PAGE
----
Superb Post by Doug Mataconis on Belief that Obama is a Muslim

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    This morning, while wrestling with my malware-infested computer, I was considering what to write about the latest insanity, that increasing numbers of Americans (mostly Republicans and conservative-leaning independents) “say Obama is a Muslim.” Other than despair, disbelief, and dismay, plus a healthy dose of anger at the right-wing lie machine (Faux “News,” Rush, Beck, Palin, etc.) for demonizing President Obama 24/7, I wasn’t feeling particularly inspired. Fortunately, a smart, libertarian blogger came to the rescue, with a superb blog post on this topic.  I strongly recommend that you read the whole thing, but a few lines that jumped out at me were:

    *”At this point, more than two years after the story first became public, no amount of evidence or argument is going to convince that remaining 27% that their belief about the President is wrong.”

    *”I disapprove of the President’s job performance and I don’t think that the President is Muslim, for example. Then again, I don’t particularly care what the President’s religious beliefs are…”

    *”It is, quite honestly, easy to believe dark and conspiratorial things about a group of people when you don’t know anyone who belongs to that group and when Fox News Channel is telling you that they’re coming to destroy your country and your way of life.”

    *”…those who continue to spread the Obama is a Muslim lie do so on the assumption, if not the hope, that people will excerise religious prejudice toward Obama because they think he’s a Muslim.”

    *”By spreading the Obama-is-a-Muslim lie, people are saying  that a person’s religion should disqualify them per se from public office.

    Quite honestly, I can’t think of anything more un-American.”

    Perhaps most troubling about all this isn’t even the politics of the day, it’s what this says about the “Growing Ignorance” of the American public: “Technology can archive, retrieve, manipulate and communicate more information, faster than ever before in human history, but the public seems to be losing their collective common sense for nonsense. It’s a paradox of the Information Age.”  Thus, we have many of the same people who don’t “believe” Barack Obama’s a Christian also not “believing” in climate science, evolution, etc. Can someone please explain to me exactly how we are going to compete with China, India, et al. in the 21st century world economy if we are a nation of ignoramuses and xenophobes?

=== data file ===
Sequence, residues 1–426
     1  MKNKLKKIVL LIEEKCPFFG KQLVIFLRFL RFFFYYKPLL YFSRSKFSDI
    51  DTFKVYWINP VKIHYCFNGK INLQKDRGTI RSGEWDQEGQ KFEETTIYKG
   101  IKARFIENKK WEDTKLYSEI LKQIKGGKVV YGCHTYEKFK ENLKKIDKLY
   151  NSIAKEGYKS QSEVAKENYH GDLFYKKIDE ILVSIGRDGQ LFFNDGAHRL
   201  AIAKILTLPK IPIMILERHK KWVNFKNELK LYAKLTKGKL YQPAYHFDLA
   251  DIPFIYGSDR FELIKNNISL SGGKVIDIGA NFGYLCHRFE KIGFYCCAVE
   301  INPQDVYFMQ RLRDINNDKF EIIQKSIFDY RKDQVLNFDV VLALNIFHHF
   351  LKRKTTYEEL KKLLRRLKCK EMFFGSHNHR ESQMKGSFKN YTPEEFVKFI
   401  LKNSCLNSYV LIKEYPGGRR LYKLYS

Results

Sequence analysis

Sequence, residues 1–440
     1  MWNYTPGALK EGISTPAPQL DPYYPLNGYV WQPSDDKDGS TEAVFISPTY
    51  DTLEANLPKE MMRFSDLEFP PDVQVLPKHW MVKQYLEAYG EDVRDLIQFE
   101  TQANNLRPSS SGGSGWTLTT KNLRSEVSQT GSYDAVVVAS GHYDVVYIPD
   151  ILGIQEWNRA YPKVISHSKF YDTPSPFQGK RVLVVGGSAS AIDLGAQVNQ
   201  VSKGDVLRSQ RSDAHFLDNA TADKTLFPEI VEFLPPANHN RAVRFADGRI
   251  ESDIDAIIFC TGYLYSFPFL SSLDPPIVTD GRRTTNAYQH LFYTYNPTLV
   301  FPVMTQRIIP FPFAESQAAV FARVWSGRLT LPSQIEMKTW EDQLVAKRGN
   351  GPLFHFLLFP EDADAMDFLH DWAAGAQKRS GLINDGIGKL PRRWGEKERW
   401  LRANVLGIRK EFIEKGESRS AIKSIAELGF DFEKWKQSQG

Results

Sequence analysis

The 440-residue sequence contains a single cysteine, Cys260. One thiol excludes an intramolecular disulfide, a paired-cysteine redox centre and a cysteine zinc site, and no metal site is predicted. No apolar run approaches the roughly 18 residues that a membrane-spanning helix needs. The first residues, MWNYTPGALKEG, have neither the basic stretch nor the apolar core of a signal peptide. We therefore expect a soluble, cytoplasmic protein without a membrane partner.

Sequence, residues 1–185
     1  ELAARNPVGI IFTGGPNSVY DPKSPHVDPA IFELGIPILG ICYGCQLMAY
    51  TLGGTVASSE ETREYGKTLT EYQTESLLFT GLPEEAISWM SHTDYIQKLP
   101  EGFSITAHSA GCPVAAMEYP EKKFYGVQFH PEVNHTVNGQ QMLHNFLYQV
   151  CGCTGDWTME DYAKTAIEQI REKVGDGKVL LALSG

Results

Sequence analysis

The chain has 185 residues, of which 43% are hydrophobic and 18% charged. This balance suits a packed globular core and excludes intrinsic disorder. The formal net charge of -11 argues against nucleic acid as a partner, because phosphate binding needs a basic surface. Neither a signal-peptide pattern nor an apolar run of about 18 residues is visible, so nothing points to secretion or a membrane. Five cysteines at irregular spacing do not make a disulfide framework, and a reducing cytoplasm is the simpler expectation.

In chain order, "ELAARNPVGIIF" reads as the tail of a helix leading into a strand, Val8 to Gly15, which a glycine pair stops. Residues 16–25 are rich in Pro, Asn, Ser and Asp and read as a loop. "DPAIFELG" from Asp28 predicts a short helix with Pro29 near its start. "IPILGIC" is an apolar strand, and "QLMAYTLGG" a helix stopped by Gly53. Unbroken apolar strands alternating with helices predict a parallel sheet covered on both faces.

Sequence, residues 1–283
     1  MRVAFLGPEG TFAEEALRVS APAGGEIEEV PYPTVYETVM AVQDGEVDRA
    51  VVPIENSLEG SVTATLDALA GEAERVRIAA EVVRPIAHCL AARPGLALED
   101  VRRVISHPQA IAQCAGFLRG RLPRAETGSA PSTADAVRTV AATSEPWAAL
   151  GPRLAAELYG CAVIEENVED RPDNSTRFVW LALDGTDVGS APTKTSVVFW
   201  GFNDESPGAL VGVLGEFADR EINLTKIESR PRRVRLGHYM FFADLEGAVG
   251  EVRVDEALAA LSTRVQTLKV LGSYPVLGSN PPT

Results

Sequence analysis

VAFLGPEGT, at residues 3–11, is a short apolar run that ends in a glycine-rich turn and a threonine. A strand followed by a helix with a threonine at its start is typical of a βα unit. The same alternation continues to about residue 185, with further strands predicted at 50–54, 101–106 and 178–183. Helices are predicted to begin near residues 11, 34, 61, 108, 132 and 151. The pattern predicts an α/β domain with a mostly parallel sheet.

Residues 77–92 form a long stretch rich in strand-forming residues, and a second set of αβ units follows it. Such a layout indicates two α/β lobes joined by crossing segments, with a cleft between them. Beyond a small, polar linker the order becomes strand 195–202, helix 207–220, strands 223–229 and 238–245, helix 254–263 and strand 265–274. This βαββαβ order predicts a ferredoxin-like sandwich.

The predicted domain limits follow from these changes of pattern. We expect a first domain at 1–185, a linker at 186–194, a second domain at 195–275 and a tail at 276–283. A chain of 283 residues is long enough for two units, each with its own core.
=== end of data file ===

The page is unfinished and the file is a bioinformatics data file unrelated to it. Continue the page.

UPDATE: Joel Achenbach asks, “Are Americans total numbskulls?”

    UPDATE #2: Howard Dean makes me happy I supported someone else (Wesley Clark) in 2003/2004.  Ugh.

    • VADEM

      Really? This is what is driving this ridiculous conversaton?

      Wow. This country is really going off the rails big time.

    • Dan Sullivan

      a result. Tested, verified, and organized information is intelligence. Uncategorized information is noise. Lots of noise; only snippits of which mob members recognize; and those familiar parts become their only information.

      See: Tower of Babel.

    • Teddy Goodson

      often confused with homespun, but, in any case, that is exactly what our revolutionary foremothers wore as petticoats, and forefathers wore  as small cothes, also used to make shirts and dresses as well; in other words, the cloth of The People. Maybe the ignoramus making the sign was more correct than he knew.

    • 21% of Americans don’t know that the Earth revolves around the Sun. That’s pretty much my Stupidity Baseline.  

    • IBelieveInHenryHowell

      Here is something I read today over at the Daily Kos quoting Haris Tabin and I wanted to interject it into the conversation here:

      When my parents decided to leave their war-ravaged homeland of Afghanistan in the 1980s, they had the option of migrating to a number of different countries, but sought one that they could make their “home.” You see, my father was a government official in the Afghan Education Ministry, before the Russian invasion and the subsequent takeover by the Taliban. He was tasked with modernizing the Afghan educational system while also ensuring that core, centuries-old Afghan values were preserved. …

      As young children, we would ask him why he chose this country. He would calmly respond: “The acceptance of my faith that I received in my travels through this country, I would not be able to find anywhere else.”

      He would tell us about the people who respected his religious practice of praying five times a day and created spaces for him to pray in. He would fondly recall how warm and open people were.

      Yet today, I am afraid for my children. I am afraid that when they turn the TV on, or listen to the radio (which I now turn off when we are in the car), they will receive a very different message from the one my father shared with us. The message they hear today is of intolerance. Whether it be about an Islamic center in New York blocks from ground zero or a mosque in Temecula, their faith is being openly and viciously maligned, and they themselves are made to feel responsible for the attacks on 9/11.

      I guess that this is what Crosby, Stills, Nash, and Young ment when they told us to “teach the children well.”